Other festival features include guided bridge tours, a pie baking contest and auction, a marketplace of antiques and local artists’ work, painting classes, a vintage fashion show, old-fashioned games for kids, horse drawn wagon rides, appearances by folk artist Billy Jacobs and a concert by Nashville bluegrass band the Banjo Cats.

See you out and about this weekend.

The Hall Was Alive with the Sound of Music

Ever wonder what it would be like to crash a reunion of the family von Trapp?

OK, probably not.

Daniel Dye and his niece Carrie Miller, nephews Thomas and Andrew Miller and sister Sarah Kelly help bring the first Madden Road MusicFest to a close.

But if you’d had the pleasure, as I did, to attend the Madden Road MusicFest Saturday, September 3, the thought may have at least fleetingly entered your mind as Mutual, Ohio’s one-time town hall and schoolhouse was brought back from decades of suspended animation, alive with the sound of music—thanks in large measure to a very talented family.

Local singer-songwriter Daniel Dye orchestrated the festival with a chorus of family members. His mother, Janet Dye, owns the Town Hall Emporium on the building’s first floor. He credits his sister Sarah Kelly, visiting from Massachusetts (check out her blog about her happy reacquaintance with Urbana), as the driving force behind the festival. She had the vision of a music festival as a way to begin raising money to restore the building and turn it into the Madden Road Music Hall, a permanent music venue.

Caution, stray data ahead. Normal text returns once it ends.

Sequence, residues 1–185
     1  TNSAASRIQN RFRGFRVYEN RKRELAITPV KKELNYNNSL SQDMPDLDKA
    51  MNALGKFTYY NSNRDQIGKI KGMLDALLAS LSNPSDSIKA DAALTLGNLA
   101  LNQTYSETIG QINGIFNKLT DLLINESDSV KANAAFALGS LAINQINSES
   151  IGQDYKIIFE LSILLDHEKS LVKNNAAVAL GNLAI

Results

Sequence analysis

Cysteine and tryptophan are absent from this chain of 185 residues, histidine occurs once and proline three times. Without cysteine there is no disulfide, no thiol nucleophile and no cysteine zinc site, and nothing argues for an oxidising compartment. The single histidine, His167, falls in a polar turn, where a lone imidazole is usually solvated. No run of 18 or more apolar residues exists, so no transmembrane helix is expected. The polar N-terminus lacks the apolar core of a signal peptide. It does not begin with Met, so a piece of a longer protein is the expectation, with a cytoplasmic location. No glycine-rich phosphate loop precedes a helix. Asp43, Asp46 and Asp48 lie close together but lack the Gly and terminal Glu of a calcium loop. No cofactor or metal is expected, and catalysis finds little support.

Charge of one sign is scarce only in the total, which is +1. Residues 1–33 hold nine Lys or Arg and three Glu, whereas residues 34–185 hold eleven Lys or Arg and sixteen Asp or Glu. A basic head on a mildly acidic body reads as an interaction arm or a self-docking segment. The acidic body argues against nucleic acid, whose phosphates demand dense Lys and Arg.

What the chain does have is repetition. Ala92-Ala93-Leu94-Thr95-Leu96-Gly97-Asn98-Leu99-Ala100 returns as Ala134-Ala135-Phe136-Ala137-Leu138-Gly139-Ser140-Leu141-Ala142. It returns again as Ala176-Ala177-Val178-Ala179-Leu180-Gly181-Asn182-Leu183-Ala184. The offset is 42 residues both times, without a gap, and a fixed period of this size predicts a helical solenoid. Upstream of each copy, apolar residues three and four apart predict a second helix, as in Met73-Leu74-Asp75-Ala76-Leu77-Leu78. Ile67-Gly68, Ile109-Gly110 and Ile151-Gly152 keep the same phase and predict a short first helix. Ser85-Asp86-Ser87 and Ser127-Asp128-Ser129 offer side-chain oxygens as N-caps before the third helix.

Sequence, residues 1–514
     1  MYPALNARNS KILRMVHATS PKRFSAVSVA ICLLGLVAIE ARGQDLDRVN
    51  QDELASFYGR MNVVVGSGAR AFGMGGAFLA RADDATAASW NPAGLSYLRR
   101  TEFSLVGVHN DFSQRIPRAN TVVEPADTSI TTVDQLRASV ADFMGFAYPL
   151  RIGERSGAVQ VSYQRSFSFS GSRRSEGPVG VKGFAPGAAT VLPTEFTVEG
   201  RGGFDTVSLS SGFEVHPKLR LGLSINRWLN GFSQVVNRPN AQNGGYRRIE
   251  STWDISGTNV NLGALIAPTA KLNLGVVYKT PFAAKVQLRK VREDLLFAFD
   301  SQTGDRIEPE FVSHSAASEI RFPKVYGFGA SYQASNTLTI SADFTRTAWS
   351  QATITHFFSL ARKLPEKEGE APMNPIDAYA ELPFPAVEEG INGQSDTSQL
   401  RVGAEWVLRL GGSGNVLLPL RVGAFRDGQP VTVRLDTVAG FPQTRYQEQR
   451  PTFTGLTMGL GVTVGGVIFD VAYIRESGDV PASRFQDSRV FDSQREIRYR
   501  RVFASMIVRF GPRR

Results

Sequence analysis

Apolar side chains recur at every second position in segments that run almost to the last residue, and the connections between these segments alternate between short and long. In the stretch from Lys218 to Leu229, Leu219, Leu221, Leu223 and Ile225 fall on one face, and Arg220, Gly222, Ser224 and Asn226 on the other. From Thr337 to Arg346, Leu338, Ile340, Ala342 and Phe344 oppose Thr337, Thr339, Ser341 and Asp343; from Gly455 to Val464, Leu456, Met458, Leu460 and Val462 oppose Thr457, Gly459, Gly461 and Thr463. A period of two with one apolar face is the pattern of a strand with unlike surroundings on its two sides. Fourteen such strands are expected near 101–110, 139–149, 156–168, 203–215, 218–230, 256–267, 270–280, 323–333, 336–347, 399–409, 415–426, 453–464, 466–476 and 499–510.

The Dye Family Singers, with Daniel and sisters Jenny, Amy and Kelly, brother Steve and father David continue a tradition of singing together.

Between bands at the MusicFest, Daniel, Sarah and other members of the Dye Family Singers – father David, sisters Amy Blanton and Jenny Miller, and brother Steve – harmonized gospel arrangements.

The next generation of the Dye clan got in on the act, too, as Andrew, Carrie and Thomas Miller (children of Jenny) joined their Uncle Daniel, backing up his vocals, guitar and harmonica with fiddle, cello, banjo, mandolin and accordion as the Miller Road Band*.  Here’s a video of them performing “I’m Gonna Let You Go” as the final act of the Madden Road MusicFest.

The second floor of the old Mutual town hall—used in recent years to hold an overflow of antiques from the downstairs emporium—formed the perfect backdrop for the day’s celebration of roots music—from folk and Americana, to bluegrass and gospel, and even some acoustic indie rock.

The Muleskinner Band opened the festival. Other performers included The Kurtz Trio, Dr. Chris Bingman, Like A Child and Andolino.